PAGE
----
The question, on the impacts of bottom trawling, was posed by Green MP Eugenie Sage and is part of the campaign the Greens launched this month to have bottom trawling banned.
The Minister agreed that some forms of bottom trawling could damage habitat but said he was looking at the advice of the Prime Minister’s Chief Science Advisor on the matter and also looking at technological solutions to improve or reduce the effects of bottom trawling. Dame Juliet Gerrard has just completed a report aimed at keeping New Zealand at the global edge of fisheries management. The paper will examine fisheries management and suggest improvements where needed.
Scaremongering about bottom trawling is nothing new and, like most other attacks by environmental activists on the fishing industry, is a combination of half-truth and hyperbole.
The facts are that some 90 percent of New Zealand’s EEZ has never been bottom trawled and a third of our territorial waters are completely closed to bottom trawling and dredging. New Zealand’s bottom trawl closures are one of the largest national networks of protected areas in the world.
We need to remember that in 2007 it was the seafood industry that actively worked with the then government to close 1.2 million square kilometres of seabed to bottom trawling through Benthic Protection Areas (BPAs), which only permit fishing 100 metres above the seabed.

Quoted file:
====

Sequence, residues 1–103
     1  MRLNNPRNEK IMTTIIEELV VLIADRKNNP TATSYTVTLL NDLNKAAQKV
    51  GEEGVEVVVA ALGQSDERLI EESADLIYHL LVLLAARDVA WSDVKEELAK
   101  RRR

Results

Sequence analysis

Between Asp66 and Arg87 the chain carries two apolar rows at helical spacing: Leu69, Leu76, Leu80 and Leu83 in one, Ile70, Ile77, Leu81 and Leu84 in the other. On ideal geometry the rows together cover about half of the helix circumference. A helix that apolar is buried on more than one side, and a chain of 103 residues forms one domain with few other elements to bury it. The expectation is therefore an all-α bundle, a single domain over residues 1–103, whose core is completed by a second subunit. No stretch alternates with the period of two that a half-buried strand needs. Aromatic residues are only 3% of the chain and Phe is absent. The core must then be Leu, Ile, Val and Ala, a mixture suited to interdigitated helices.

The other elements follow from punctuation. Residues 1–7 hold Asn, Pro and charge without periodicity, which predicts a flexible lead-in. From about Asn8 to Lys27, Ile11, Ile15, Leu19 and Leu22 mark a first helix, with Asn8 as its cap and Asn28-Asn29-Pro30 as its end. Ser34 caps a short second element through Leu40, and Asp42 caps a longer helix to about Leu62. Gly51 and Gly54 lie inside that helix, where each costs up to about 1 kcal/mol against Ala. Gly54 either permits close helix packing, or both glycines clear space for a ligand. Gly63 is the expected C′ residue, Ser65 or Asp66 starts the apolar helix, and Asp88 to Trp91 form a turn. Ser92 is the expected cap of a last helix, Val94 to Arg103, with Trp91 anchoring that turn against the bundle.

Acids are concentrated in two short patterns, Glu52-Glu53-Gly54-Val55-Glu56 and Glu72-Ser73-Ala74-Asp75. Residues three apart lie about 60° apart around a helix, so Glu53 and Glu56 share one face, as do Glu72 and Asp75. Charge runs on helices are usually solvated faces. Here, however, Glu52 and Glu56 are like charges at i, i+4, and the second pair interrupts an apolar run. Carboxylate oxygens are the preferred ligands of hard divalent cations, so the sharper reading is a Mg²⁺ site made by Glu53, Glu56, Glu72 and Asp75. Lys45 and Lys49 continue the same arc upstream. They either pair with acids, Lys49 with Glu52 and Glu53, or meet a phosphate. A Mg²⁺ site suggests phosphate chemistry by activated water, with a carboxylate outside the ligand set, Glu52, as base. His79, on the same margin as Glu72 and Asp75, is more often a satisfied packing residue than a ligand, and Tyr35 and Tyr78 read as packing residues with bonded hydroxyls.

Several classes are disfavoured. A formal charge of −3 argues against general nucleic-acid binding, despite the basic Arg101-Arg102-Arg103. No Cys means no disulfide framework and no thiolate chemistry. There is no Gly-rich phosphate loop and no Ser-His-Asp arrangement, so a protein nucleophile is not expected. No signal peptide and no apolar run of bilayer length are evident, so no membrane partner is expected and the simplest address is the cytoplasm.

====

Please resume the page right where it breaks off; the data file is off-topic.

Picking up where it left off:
This ban on bottom trawling includes 28 percent of underwater topographic features, 52 percent of seamounts, which are underwater mountains over 1000 metres in height, and 88 percent of active hydrothermal vents.
Could we do better? Of course.
Mr Parker’s mention of technological solutions is welcome and different streams of work are already underway. Fisheries Inshore New Zealand has received funding for an innovative project to measure interaction with the seabed using sensors that will be important to record the effectiveness of future innovations to trawl gear.
On an industry-wide and individual company basis, there is an ongoing global search for solutions to improve the ways we fish.
There seems to be an assumption that the seafood industry has no interest in protecting the environment and this is both untrue and dangerous.
Unfortunately, misinformation campaigns get more attention than the truth.
Creating outrage is profitable, be it politically or financially. Misinformation pays dividends for those with an agenda.
A quote, found in research on fake news by the Pew Institute, sums it up; “In the arms race between those who want to falsify information and those who want to produce accurate information, the former will always have an advantage.”